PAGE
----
Miguel kept the widescreen feel going with the power chord-driven “Simple Thing,” taken from his wildly extolled third record Wildheart. Most of the band exited the stage, leaving just Miguel with guitarist Josh J. strapping on his acoustic for the stripped-down “Now,” a politically-charged tune about cultivating positivity in troubled times. “Now back to our regularly scheduled programming,” he said as the band returned. With his musicians laying down some atmosphere, Miguel talked about growing up with a foot in two different cultures and the lessons he learned from it. After instructing the audience in the song’s interactivity, he ripped into the blazing “Waves,” encouraging everyone in the house and on the web to ride their own wave. After that explosion, the only thing to do was to bring things down with the sexy ballad “Come Through and Chill.” “Nasty,” he smiled after the audience indulged in some provocative call-and-response. Miguel followed that with “Pineapple Skies,” a clear audience favorite. But that was merely a scene-setter for his current smash hit “Skywalker.” You gotta stay up!” he exhorted the eager crowd, and they did through the course of this powerhouse, show-closing anthem. The audience went nuts by the end, chanting “One more song” – to no avail, alas. Still, it was a hell of a show, and we can’t wait for you to see it when it airs this fall on your local PBS station.  

Encore: Father John Misty and The Black Angels

Austin City Limits presents a deep dive into the unconventional with two acts whose music provides a soundtrack to uncertain times: indie sensation Father John Misty in his ACL debut and modern psych-rockers The Black Angels in a return appearance.

Father John Misty, the pseudonym for the singer-songwriter also known as Josh Tillman, dazzles in his 5-song debut, offering a fascinating glimpse of one of today’s most charismatic artists. The indie-rock provocateur performs songs from his latest, Pure Comedy, a 2018 Grammy nominee for Best Alternative Album. Hailed “a sprawling masterwork” by NPR, the New York Times called it “an ideal album for the era of outrage.” Father John delivers an epic performance filled with his dry wit and keen insights on religion, fame, social media, technology and the overall state of humanity, backed by a 16-piece orchestra, including a full string and horn section. For the set-closer, the sweetly cynical “I Love You, Honeybear” (title track from his 2015 sophomore album), the magnetic bandleader playfully dances with the mic stand and waltzes offstage to embrace the crowd, a cult leader for the ages, as the audience sings along for an ecstatic climax.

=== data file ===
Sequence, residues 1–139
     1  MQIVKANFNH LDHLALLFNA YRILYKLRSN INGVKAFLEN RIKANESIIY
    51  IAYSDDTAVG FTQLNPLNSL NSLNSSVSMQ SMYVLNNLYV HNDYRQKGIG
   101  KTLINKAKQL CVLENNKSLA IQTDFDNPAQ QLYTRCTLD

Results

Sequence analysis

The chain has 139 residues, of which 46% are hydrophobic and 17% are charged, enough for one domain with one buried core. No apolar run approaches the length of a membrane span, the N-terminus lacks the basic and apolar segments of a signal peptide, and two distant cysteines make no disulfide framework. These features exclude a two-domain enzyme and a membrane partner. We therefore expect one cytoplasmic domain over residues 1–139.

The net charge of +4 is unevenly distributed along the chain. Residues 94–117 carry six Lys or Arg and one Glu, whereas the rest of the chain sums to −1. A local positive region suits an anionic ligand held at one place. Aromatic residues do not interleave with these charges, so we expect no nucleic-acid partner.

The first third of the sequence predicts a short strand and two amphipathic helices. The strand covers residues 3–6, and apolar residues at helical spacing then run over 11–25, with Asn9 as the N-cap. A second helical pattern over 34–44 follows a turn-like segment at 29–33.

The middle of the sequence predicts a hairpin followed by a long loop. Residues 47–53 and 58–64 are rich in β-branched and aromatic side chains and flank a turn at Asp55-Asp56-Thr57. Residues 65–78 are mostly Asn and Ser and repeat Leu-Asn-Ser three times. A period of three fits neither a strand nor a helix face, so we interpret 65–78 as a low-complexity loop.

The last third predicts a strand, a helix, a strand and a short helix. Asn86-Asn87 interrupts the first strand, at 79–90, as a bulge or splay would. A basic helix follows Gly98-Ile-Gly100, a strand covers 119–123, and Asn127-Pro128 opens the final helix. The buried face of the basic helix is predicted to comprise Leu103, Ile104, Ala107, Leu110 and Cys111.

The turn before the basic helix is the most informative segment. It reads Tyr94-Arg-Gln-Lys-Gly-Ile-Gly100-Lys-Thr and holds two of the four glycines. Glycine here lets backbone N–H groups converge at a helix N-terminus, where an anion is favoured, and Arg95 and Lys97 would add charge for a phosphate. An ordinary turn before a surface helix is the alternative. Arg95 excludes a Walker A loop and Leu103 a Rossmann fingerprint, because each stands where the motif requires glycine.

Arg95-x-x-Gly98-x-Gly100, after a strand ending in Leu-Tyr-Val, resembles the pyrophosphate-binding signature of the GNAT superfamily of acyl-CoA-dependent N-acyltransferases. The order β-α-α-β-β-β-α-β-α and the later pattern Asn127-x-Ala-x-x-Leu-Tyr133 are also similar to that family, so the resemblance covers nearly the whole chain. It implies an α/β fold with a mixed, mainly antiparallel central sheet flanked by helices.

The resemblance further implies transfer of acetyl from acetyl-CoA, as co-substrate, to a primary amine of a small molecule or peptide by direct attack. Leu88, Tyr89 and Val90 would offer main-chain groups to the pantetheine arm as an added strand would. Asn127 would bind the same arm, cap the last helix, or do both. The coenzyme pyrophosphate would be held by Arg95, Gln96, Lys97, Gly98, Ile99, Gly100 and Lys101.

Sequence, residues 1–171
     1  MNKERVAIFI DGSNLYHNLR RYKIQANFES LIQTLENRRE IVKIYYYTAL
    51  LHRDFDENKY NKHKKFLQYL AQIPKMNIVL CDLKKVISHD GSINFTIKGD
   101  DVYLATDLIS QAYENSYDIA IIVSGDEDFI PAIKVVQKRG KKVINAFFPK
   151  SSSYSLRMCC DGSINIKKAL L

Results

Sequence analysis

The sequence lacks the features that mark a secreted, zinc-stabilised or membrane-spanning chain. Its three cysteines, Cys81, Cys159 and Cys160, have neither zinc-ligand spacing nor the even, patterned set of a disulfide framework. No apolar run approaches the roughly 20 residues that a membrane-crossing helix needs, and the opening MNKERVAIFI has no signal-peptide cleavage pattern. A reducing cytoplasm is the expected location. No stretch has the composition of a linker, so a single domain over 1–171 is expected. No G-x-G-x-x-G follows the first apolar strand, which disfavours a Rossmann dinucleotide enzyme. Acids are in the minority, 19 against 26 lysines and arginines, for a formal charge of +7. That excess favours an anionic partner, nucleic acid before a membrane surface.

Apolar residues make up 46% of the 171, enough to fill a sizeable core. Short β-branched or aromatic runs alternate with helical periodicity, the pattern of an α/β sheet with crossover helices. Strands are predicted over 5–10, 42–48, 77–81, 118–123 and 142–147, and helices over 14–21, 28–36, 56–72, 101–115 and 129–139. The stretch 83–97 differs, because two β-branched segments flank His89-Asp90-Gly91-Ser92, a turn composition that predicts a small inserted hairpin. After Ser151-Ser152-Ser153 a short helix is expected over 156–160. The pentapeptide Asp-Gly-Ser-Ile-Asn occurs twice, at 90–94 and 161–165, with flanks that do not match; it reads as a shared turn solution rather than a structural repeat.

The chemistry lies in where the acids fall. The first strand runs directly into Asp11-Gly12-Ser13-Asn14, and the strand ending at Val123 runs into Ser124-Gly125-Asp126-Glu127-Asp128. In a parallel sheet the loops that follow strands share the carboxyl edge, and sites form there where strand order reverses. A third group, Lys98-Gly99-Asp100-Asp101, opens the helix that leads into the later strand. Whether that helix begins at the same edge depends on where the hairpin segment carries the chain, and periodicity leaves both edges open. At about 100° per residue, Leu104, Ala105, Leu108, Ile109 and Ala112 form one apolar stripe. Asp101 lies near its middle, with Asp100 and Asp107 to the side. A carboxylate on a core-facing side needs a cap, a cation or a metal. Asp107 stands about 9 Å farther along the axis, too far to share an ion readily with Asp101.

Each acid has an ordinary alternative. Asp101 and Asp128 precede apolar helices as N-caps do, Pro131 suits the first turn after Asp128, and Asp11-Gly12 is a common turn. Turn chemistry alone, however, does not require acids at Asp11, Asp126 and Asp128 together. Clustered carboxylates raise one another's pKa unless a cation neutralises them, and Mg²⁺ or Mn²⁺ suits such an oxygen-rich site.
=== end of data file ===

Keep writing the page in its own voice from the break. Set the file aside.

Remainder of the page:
Since forming in Austin in 2004, The Black Angels have become standard-bearers for modern psych-rock. The New York Times raves they “play psychedelic rock as if the 1960s never ended, and they are absolute masters of it.” The quintet debuted on ACL in 2013 and make their return appearance with a charged set of songs from their first full-length release in four years, the acclaimed Death Song. NPR raves, “The Black Angels have delivered an enormous and frighteningly timely fifth album full of uniquely trippy anthems to oblivion.” Frontman Alex Maas’ keening vocals channel 21st century outrage on hypnotic set opener “Currency,” which pillories our capitalism-above-all-else society. Surrounded by screens swirling with kaleidoscopic images, the music serves as part protest, part emotional catharsis in a climate dominated by division, anxiety and unease, anchored by cutting wordplay and the distorted fuzz of menacing guitars.

“‘These are perilous times,’ somebody once wrote, and writing songs that define or defy today’s times can be a perilous exercise,” said ACL executive producer Terry Lickona. “Nobody does it better than Josh Tillman and Alex Maas. They infuse their songs with a musical urgency that is really hypnotic. The impact of their two sets together makes this a unique ACL episode.”